Patrick Deneen (author)
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Patrick J. Deneen
July 21, 1964
|Alma mater||Rutgers University|
|Thesis||The Odyssey of Political Theory (1995)|
|School or tradition|
|Notable works||Why Liberalism Failed (2018)|
Patrick J. Deneen (born 1964) is an American political theorist who is Professor of Political Science and holds the David A. Potenziani Memorial College Chair of Constitutional Studies at the University of Notre Dame.
Education and academic career
Born July 21, 1964, Deneen was educated at Rutgers University (BA, 1986; PhD, 1995), and taught previously at Princeton University (1997–2005) and Georgetown University (2005–2012), where he was Associate Professor and held the Tsakopolous-Kounalakis Chair of Hellenic Studies. He joined the faculty at the University of Notre Dame in 2012, and was promoted to Professor rank in 2018.
Deneen's interests have ranged in the areas of ancient and American political thought, democratic theory, political theology, literature and politics, and political economy. He is a noted "Catholic communitarian", a traditionalist whose conservatism leads him to break with many American political conservative positions and liberal orthodoxies, including a critique of laissez-faire market economics and a defense of environmentalism and sustainable economic practices, a stress upon more local forms of production and exchange, combined with a critique of progressive sexual liberationism and a suspicion toward technology that advances these basic liberal commitments. Among his influences are the democratic communitarianism of his teacher, Wilson Carey McWilliams; liberal democracy's "friendly critic", Alexis de Tocqueville; the social historian and critic of modern liberalism—especially its tendencies to bifurcate elite from populace—Christopher Lasch; and the agrarian essayist, novelist and poet Wendell Berry. Deneen's work has long manifested a critical stance toward liberalism for its tendencies toward individualism, its hostility to culture and tradition, its undermining of religious belief, its depersonalization and fragmentation of social solidarity, its hostility toward nature, family, and community. These critiques—evident in academic and more popular writings throughout the late 1990s and 2000s, culminated in the publication of his book Why Liberalism Failed (Yale, 2018).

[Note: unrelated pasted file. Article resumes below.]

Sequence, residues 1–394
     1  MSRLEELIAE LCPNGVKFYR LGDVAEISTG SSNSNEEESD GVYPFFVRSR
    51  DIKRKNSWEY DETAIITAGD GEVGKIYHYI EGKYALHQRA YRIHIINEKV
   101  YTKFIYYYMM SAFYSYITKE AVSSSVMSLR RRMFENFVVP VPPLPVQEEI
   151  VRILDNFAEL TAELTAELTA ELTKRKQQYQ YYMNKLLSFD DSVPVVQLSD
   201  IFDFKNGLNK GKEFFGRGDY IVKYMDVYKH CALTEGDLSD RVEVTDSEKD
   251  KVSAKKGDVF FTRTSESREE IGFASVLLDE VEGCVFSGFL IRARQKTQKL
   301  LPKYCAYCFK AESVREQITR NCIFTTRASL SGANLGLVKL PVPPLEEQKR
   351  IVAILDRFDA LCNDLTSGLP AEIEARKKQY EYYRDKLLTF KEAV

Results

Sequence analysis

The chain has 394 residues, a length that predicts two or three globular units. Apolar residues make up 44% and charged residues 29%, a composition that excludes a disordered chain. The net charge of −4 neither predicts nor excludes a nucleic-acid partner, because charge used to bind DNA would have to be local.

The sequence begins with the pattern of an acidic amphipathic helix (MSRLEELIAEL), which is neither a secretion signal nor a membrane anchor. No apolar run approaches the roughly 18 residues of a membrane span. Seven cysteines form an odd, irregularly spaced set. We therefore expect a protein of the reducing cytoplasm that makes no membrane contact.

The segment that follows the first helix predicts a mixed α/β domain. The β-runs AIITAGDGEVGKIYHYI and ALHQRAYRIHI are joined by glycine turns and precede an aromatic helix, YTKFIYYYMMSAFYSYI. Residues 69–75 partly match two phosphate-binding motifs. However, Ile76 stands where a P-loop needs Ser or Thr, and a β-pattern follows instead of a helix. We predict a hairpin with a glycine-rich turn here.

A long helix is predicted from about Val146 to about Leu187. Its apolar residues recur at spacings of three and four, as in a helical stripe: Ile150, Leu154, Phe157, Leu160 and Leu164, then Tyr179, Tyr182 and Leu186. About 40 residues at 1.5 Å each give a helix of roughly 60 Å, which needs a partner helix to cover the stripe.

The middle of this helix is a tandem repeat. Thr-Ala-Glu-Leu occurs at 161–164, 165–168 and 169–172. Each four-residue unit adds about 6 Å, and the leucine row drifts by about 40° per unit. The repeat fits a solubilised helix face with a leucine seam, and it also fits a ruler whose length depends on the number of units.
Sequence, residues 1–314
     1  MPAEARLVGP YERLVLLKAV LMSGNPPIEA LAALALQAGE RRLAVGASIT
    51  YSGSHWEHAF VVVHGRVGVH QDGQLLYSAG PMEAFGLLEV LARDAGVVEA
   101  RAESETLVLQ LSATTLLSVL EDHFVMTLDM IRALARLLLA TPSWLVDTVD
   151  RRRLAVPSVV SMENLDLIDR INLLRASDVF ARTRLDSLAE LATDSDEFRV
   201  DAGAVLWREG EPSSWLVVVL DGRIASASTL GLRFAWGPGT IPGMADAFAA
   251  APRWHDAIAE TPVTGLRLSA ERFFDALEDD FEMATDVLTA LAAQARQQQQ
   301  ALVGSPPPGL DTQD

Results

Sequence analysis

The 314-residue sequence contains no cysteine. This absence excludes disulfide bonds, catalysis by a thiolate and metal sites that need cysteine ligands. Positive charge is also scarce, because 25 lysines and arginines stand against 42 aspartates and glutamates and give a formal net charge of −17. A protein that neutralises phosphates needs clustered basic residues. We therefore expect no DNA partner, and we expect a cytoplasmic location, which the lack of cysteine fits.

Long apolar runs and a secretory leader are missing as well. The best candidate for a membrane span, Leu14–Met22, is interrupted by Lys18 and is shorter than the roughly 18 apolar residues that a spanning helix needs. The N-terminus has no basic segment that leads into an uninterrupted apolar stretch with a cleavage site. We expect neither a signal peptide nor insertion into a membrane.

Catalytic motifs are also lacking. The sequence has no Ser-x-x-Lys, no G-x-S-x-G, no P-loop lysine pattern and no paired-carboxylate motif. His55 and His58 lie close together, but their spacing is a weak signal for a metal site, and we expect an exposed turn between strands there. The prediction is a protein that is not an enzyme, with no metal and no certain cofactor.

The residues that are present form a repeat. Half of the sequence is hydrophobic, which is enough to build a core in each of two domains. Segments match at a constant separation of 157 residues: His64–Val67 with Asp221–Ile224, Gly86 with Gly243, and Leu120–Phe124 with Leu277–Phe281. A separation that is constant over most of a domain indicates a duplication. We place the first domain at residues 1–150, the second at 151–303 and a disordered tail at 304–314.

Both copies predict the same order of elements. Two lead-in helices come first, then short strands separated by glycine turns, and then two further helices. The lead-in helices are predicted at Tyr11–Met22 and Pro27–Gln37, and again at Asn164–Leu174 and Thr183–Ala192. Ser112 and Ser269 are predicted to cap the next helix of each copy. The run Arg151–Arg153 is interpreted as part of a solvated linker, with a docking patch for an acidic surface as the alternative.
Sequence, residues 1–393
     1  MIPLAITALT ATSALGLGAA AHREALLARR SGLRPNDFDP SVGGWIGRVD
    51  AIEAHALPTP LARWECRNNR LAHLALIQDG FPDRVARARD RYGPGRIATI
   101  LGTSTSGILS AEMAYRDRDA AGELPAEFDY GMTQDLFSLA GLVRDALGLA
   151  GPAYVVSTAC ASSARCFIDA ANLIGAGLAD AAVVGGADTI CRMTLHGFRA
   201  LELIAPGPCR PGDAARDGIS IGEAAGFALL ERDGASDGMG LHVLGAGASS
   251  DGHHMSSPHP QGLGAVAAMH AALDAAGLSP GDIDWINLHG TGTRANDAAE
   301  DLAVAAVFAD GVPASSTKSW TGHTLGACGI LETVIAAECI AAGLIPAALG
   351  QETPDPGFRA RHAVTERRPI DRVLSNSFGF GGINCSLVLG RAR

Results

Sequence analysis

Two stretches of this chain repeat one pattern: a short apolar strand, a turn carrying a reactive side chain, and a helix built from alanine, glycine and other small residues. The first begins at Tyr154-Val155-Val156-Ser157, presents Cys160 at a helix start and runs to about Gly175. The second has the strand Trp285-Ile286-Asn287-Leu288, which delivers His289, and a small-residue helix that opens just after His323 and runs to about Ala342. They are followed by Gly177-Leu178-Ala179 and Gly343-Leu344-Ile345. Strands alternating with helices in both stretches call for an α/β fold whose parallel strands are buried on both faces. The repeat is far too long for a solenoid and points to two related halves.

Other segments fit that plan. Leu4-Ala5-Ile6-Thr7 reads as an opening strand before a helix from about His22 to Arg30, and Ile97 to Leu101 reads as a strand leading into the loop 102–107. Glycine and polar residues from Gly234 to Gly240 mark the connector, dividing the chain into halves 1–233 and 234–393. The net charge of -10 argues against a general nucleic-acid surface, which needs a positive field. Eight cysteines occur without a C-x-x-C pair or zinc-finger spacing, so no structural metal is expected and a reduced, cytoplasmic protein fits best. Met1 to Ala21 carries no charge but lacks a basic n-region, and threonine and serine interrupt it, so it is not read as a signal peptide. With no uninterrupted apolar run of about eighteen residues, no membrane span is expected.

Deneen has lamented the loss of a knowledge of the history of western civilization among his students:
My students ... are the culmination of western civilization, a civilization that has forgotten nearly everything about itself, and as a result, has achieved near-perfect indifference to its own culture ... The pervasive ignorance of our students is not a mere accident or unfortunate but correctible outcome, if only we hire better teachers or tweak the reading lists in high school. It is the consequence of a civilizational commitment to civilizational suicide. The end of history for our students signals the End of History for the West.
Deneen is the author of four books and co-editor of three books.
- The Odyssey of Political Theory (Rowman & Littlefield, 2000)
- Democratic Faith (Princeton University Press, 2005)
- Conserving America? Thoughts on Present Discontents (St. Augustine Press, 2016)
- Why Liberalism Failed (Yale University Press, 2018).
- Co-edited books
- Democracy's Literature: Politics and Fiction in America (with Joseph Romance) (Rowman & Littlefield, 2005)
- The Democratic Soul: A Wilson Carey McWilliams Reader (with Susan McWilliams) (University Press of Kentucky, 2011)
- Redeeming Democracy in America (with Susan McWilliams) (University Press of Kansas, 2011)
- Popular writings
Deneen has published numerous academic papers and articles in journals of opinion and online essays which include:
- Patrick Deneen, How a Generation Lost Its Common Culture dated February 2, 2016, at mindingthecampus.org, accessed March 5, 2019
- "Patrick J. Deneen // Department of Political Science // University of Notre Dame". politicalscience.nd.edu. Retrieved 3 October 2018.
- "Why Liberalism Failed - Yale University Press". yalebooks.yale.edu. Retrieved 3 October 2018.
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